You’ve heard it, probably as often as I have: Christmas is for kids. The idea is that Christmas is a time when the eyes of children grow large with wonder and delight, that youngsters are fascinated with all the tinsel and all the colorful wrapping and the story of a baby named Jesus.

That’s certainly true. 

What’s also true — and I’m especially aware of it this year — is that Christmas is a time for adults to watch kids being kids.  To tap into the wild joy that is frequently on display in this season, and to recognize the agony of a meltdown because, after all, it’s hard being a kid.

For me, this is a time of watching my four-year-old granddaughter Emma, and her one-year-old brother Noah, and their 18-month-old cousin Ulysses as they are growing into themselves.  (Of course, every day of the year is for that.)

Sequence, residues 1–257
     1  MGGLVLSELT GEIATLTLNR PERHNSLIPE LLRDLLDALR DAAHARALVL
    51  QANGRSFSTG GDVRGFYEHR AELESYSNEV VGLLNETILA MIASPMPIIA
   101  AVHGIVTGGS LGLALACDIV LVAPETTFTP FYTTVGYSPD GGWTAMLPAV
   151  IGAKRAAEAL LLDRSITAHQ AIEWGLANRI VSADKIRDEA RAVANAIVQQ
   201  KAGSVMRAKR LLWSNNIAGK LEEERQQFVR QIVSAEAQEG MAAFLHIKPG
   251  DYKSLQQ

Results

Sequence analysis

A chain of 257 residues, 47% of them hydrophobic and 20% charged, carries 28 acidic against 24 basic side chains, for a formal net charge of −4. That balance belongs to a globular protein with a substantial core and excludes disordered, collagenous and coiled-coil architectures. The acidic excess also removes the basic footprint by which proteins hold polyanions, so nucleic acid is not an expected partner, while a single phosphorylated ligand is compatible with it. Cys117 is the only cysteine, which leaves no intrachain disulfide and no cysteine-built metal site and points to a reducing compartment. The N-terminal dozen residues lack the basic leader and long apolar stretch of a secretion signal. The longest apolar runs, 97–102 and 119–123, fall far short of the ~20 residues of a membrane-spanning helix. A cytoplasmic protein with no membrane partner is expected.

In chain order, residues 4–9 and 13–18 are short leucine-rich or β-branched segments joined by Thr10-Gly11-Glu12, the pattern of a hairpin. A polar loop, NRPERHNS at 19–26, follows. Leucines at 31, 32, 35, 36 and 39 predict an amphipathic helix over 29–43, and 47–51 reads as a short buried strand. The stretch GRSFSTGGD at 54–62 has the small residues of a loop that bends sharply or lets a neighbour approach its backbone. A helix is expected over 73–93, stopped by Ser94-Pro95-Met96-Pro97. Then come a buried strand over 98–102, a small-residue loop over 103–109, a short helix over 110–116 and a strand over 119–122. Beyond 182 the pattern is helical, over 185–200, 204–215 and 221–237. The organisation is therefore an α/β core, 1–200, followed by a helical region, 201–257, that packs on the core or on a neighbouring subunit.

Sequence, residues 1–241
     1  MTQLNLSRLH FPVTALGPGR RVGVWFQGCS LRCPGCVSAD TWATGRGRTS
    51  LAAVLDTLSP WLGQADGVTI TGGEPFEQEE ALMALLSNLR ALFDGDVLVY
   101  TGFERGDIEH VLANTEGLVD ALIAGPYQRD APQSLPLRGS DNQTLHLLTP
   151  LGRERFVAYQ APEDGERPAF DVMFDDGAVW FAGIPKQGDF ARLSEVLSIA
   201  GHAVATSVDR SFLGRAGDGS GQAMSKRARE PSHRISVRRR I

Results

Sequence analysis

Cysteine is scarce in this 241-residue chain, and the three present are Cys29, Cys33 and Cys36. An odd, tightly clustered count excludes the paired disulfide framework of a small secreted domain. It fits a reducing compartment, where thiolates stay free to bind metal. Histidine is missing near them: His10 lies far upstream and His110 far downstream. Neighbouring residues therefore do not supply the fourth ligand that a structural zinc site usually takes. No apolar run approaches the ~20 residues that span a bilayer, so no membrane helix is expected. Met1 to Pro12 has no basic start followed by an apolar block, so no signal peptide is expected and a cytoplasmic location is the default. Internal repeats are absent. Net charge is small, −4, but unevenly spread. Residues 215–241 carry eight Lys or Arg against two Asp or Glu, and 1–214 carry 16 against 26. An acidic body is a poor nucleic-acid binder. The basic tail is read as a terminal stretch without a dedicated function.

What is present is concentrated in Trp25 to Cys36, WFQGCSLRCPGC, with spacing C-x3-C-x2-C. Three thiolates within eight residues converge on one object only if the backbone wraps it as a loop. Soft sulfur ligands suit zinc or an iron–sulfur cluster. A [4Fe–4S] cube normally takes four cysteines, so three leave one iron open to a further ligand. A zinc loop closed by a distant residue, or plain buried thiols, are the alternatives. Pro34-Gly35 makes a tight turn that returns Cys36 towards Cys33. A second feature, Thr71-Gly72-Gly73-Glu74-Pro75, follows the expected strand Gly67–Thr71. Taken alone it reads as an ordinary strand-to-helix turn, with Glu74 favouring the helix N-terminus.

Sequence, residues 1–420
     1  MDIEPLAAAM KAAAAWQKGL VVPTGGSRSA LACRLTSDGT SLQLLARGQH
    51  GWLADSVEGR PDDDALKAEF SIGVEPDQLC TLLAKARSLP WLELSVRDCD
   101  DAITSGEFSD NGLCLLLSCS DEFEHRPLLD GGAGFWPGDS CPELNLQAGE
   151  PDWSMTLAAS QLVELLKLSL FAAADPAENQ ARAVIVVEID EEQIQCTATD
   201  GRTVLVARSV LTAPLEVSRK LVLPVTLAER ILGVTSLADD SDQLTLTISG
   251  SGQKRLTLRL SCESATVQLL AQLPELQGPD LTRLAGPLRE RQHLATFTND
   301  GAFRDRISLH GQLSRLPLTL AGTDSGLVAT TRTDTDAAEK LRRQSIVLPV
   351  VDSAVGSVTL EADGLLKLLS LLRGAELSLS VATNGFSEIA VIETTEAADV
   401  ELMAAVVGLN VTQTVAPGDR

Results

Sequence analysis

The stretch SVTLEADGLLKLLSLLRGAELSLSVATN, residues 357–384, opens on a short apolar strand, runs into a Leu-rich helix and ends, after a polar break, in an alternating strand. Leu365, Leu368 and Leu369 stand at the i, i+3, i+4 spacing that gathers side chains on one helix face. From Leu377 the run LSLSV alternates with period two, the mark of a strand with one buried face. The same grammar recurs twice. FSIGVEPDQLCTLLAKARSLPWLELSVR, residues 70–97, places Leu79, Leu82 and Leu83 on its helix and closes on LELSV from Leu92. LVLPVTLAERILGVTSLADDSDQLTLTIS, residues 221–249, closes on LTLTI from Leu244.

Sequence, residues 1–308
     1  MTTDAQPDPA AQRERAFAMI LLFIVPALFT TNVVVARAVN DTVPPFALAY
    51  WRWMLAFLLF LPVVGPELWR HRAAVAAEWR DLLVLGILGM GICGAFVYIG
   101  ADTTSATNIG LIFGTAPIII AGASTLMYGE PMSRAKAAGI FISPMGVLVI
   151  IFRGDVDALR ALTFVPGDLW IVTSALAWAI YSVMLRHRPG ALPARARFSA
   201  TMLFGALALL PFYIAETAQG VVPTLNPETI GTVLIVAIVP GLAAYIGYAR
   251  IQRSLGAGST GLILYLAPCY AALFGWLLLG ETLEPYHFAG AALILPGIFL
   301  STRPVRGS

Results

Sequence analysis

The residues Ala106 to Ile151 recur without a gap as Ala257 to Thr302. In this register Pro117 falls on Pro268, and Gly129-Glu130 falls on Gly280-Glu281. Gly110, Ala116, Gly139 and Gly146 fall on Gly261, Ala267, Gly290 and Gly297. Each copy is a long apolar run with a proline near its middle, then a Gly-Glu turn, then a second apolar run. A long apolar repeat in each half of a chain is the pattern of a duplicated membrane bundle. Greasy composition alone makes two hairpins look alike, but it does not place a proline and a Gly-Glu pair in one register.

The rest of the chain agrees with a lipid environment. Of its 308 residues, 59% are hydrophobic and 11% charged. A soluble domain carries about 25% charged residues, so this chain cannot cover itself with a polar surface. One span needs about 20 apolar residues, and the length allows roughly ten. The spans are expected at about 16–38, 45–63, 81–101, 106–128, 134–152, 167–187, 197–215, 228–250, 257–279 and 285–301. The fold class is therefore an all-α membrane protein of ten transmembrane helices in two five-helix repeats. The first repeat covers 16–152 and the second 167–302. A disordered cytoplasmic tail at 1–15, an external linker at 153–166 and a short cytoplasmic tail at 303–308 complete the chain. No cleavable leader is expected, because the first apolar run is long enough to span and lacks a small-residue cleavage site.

And it’s kind of poignant because this is the time of year when I’m most aware that Jesus once was a toddler, and once was an 18-month-old, and once was a four-year-old. 

Like these three kids — like children in your own family or those you see at Walmart — Jesus was overjoyed at times and overwhelmed at others and whiny and giggly and lost in his thoughts. 

Jesus was once an innocent little kid, and so was I, and so were you. 

So were all those people we meet in the course of our day, even those who may disagree with us. Each one of us was loveable. 

And we still are.

Patrick T. Reardon


Written by : Patrick T. Reardon

For more than three decades Patrick T. Reardon was an urban affairs writer, a feature writer, a columnist, and an editor for the Chicago Tribune. In 2000 he was one of a team of 50 staff members who won a Pulitzer Prize for explanatory reporting. Now a freelance writer and poet, he has contributed chapters to several books and is the author of Faith Stripped to Its Essence. His website is

Leave A Comment